A recent study, conducted on lab mice, has shown that the way a baby is born could have a long-term impact on their metabolic health.
Stress hormones produced during labor have a protective effect on a baby’s ability to metabolize fats. In addition, the researchers found that many of the genes and hormones essential to adaptive metabolism are not ready until just before spontaneous birth.
The stress of laboring has previously been shown to help the baby transition to extra-uterine life, and metabolic function is just another benefit of that stress. This led to the conclusion that waiting for labor to begin on its own, and then allowing baby to experience at least some labor, should have a beneficial effect on the baby’s life-long metabolism.
Glucocorticoids, a kind of stress hormone, cause the body to produce a protein called PPARa in the fetal liver. PPARa prepares the liver to metabolize fats from milk after birth. This is crucial because, without it, the liver continues to expect to metabolize the sugar-rich placental diet, as it did in utero.
Human babies can become very sick when their liver is not prepared to process milk, but this is rare. The researchers indicate that the main application of this study is in the prevention of diseases developed later in life — such as obesity, Type 2 diabetes and fatty liver disease.
So, the stress hormones produced late in pregnancy and during labor directly stimulate the production of the protein PPARa, which prepares the baby to get energy from fat-rich milk instead of sugar-rich placental nourishment — but that’s not all.
The study found that PPARa also triggers a chain reaction that eventually activates other genes involved in fat-burning.
Babies whose livers are not adequately prepared to consume a higher-fat diet, suggests research, will become stressed from years of processing normal human milk and then a human diet. This can lead to metabolic disorders, such as those listed above.
One researcher said these stress hormones — crucial to the baby’s metabolic development — are also responsible for inducing labor in the mother.
In fact, glucocorticoids is sometimes used to speed fetal lung maturation in babies at risk for premature birth. In these cases, doctors are trying to mimic the body’s processes to signal specific growth in the baby. Another recent study (also using mice) points to development of the fetal lungs as the trigger of spontaneous labor.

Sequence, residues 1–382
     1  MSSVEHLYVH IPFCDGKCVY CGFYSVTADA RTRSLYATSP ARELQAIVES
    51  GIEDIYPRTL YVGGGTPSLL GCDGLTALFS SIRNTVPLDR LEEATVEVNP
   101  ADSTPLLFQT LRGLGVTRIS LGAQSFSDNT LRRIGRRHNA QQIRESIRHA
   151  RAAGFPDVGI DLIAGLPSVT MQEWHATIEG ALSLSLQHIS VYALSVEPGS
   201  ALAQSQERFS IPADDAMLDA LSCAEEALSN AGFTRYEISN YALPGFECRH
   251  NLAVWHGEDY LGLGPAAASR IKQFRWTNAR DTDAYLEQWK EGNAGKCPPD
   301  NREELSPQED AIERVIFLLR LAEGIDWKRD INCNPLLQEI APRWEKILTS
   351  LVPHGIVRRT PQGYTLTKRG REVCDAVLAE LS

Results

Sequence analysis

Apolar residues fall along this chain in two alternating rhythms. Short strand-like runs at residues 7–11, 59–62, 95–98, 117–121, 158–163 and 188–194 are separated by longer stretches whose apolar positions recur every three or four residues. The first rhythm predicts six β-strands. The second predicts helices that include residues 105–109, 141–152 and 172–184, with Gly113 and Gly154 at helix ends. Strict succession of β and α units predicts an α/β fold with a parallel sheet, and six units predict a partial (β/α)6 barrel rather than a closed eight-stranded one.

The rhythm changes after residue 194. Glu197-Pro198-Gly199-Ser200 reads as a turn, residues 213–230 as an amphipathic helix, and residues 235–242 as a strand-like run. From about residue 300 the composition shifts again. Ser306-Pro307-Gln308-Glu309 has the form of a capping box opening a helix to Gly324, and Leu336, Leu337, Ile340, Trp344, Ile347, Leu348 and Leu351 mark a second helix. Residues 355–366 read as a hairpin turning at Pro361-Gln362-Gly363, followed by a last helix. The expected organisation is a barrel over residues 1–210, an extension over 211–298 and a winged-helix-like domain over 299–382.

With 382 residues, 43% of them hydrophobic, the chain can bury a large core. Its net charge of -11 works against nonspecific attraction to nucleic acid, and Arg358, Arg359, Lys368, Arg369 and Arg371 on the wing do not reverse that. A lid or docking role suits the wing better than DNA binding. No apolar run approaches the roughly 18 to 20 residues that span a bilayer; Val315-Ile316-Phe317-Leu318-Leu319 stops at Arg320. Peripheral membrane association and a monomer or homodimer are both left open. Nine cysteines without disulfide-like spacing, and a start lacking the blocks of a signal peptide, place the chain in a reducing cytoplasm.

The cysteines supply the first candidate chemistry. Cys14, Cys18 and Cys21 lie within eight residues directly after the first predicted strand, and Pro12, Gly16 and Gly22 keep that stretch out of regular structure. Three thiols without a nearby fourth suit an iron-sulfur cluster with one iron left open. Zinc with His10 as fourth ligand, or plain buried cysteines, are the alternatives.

Allowing labor to begin on its own protects a baby from being born developmentally too early — even if that just means a few extra days for some hormones, or their receptor sites, to gain rank.
Case in point: Labor inductions often fail because it is physiologically too early for labor. Oxytocin is the hormone that makes your uterus contract. No oxytocin, no contraction — no contraction, no labor.
When a person is chemically induced at the hospital, fake oxytocin is given to get contractions going. Sometimes this works just fine. But often times, it doesn’t work very well at all.
One of the reasons for this is that oxytocin receptor sites on the uterus build up over the course of your pregnancy, notably at the very end. Your doctor may think you are ready, you may be essentially at your due date, but if your body isn’t ready — it’s not time yet.
The effects of a ‘premature’ induction of labor like this are immediately apparent. With the immaturity of receptor sites and gene expression in the fetal liver, the effects can be much slower to appear, say authors of the study.
We know that the receptor sites on the liver are most numerous just before birth (Speirs et al., 2004) and that these receptor sites play an important role in the development of the fetus and its preparation for birth (Cole et al., 1995). We also know that stress during labor causes the release of the hormones that the receptor sites are waiting for (Barlow et al., 1974).
So, (in the case of the liver) a baby born too early — without enough receptor sites or without stress hormones to attach to those receptor sites — would appear to be at a much heightened risk for metabolic disorders, both immediately and in the future.
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